I have a confession of sorts to make. I am not a full time runner. Full contact, yes--I have had every injury you can get and still lace up my shoes every weekend for my LSD. Full time? Well, not yet.
I know, I know...the blog even has runner in the title, but it's true. How can this be? The truth is, I am much better at cycling than I am at running. Actually, it's not even close--I can out mountain bike my best run performances with ease in most cases when viewed in a macro sense. As if that wasn't bad enough, I love duathlons. Point of fact, there is a good chance that duathlons are my favorite thing to compete in next to fight sports and, as the years progress, it seems that they might take the number one position in relatively short order.
So for those of you keeping score at home, my top 10 list looks like this:
3. Mountain biking.
4. Everything else sports combatives.
5. Everything else cycling.
7-10. Whatever makes me better at the top six.
That list looks a little odd for a blog called Full Contact Runner, I know.
Let me explain.
It's like this: running is the sport I need the most improvement in, so the journey seems like it will be far more interesting to write about than any of the others I do. I could fight an amateur or pro boxing match with a few months of tune-up training, no problem; most likely win, too. Not much drama in that. Mountain biking? I will do okay. What I lack in horsepower, I make up for in mileage; I don't get tired on a mountain bike, just slower. That hardly seems blog worthy. Any variation thereof of the aforementioned sports, I am totally into--love wrestling, enjoy submission grappling, adore kickboxing, can't wait to do road rides, think cyclocross is epic, et cetera.
None of those are going to make for interesting topics because, quite frankly, it wouldn't take all that much for me to get better at them.
Running, on the other hand? Well, that's different. See, running used to be in that "7-10" heading on my top 10 list above, in that it was only there because. It supported my other favorites by making me better at them. I might not be in love with running, but I have a deep affection for cross training and running provided exactly that. You have to do your roadwork to be a fighter and a couple of runs in the off season of cycling helps keep your legs prepped for the vibrations of hard cross country riding. A little goes a long way when it comes to supplementing your "A" training with running. That's what I used it for and I respected it for that purpose, but not much else.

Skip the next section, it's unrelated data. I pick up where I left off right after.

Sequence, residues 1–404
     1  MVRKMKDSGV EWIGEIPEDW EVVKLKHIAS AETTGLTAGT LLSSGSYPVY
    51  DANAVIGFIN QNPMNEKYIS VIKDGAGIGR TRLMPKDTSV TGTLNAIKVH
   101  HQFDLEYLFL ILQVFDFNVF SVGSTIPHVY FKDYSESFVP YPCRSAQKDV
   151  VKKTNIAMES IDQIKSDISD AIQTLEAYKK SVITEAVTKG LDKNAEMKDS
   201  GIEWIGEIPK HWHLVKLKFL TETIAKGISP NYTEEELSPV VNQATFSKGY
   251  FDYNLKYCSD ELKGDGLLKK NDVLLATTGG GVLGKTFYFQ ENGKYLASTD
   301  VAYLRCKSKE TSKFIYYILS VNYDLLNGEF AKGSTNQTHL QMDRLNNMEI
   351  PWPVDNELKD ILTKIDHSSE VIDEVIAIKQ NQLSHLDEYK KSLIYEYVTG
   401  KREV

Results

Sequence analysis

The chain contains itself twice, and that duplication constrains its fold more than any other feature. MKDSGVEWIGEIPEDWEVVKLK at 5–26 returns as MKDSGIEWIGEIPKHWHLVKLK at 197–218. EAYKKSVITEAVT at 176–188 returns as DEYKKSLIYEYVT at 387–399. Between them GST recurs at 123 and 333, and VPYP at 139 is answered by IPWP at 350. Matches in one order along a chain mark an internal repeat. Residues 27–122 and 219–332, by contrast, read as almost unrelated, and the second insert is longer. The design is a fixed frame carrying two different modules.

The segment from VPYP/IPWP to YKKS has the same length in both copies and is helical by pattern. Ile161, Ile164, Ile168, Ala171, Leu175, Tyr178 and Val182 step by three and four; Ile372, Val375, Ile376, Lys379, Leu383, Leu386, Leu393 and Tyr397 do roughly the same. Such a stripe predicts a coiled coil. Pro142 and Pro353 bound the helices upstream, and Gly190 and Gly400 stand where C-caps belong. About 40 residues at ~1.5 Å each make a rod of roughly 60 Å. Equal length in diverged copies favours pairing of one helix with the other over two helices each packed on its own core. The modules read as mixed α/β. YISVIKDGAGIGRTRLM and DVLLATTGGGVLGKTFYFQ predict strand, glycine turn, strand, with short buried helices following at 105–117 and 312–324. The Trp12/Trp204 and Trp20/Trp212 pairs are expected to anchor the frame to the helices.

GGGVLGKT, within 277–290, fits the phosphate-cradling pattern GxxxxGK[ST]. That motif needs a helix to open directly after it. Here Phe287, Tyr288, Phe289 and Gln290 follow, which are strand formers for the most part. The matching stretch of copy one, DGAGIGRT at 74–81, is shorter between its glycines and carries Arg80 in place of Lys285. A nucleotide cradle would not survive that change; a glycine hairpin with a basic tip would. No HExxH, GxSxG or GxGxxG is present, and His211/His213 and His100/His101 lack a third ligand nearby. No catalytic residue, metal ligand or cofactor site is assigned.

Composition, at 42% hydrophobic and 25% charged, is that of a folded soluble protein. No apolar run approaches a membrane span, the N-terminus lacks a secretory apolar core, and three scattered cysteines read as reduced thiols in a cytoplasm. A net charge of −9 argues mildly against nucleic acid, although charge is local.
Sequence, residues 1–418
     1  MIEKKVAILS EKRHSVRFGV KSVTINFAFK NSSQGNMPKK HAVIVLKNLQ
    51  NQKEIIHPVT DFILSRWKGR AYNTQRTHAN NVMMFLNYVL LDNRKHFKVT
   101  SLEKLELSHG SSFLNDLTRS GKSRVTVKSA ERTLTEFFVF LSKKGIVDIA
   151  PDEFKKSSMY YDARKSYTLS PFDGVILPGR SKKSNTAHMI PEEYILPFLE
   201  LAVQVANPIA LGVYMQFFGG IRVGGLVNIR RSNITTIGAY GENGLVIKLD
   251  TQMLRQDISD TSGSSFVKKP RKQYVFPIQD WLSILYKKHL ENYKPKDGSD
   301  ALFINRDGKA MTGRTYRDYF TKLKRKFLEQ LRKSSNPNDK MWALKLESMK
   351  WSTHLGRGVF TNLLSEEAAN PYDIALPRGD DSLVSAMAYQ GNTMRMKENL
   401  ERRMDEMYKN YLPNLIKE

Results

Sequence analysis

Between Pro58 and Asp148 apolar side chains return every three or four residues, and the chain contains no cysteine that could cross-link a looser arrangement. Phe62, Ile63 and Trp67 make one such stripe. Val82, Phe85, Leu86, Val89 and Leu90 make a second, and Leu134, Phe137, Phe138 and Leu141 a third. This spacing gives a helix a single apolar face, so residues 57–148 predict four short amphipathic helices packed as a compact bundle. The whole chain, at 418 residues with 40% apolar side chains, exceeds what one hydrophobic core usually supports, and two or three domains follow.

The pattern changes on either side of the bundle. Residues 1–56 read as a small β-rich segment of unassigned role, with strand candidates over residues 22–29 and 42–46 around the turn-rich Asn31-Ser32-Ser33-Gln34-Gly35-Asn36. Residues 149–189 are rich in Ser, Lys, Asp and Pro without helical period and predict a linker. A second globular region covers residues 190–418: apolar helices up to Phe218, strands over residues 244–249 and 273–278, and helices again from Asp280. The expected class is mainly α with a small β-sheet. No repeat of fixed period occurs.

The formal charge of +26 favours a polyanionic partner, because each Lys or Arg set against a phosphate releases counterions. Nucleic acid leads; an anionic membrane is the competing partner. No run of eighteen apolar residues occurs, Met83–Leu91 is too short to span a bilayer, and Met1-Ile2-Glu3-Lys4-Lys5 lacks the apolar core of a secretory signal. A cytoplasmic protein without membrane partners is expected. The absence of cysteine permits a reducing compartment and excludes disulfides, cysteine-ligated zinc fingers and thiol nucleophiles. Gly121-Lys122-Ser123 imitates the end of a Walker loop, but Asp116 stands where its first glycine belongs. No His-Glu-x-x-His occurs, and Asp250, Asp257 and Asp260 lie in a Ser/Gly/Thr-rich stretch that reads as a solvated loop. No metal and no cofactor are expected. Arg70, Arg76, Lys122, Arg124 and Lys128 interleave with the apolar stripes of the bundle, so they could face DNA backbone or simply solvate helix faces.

As I have mentioned previously, running is completely egalitarian in terms of who can do it; ergo, it made for some excellent cross training when it came time to do something other than box or ride. But these last couple of years have made me realize that running means more to me than I liked to admit. I pat myself on the back for being able to box or wrestle, and I love riding my bike with a sense of invincibility and fearlessness that only other cyclists can truly appreciate when they see it, but running doesn't lend itself to easy gains and immediate rewards. It takes work; in my case, lots of work. The ring-craft of fighting or the technical prowess of riding always seemed like skills to be admired, whereas running simply seemed like a byproduct of fitness.
I was wrong—running is most definitely a skill.
I won't win any of the races I have scheduled for 2016 if I don't make major improvements in my running. That's the bottom line. If I don't win any of my 2016 races, I don't qualify for my 2017 races; that casts a doubt on whether or not I get to do my dream races in 2018 and 2019. That's almost four years of not achieving my dreams and goals. Now that's drama. That's also why this blog isn't called Full Contact Cyclist or Full Contact Duathlete. I need to own my running this year, or it will own me. The only way I know how to do that is to go all in, just like a fight or a gnarly descent; no hesitation, full contact all the way.
Full Contact Runner.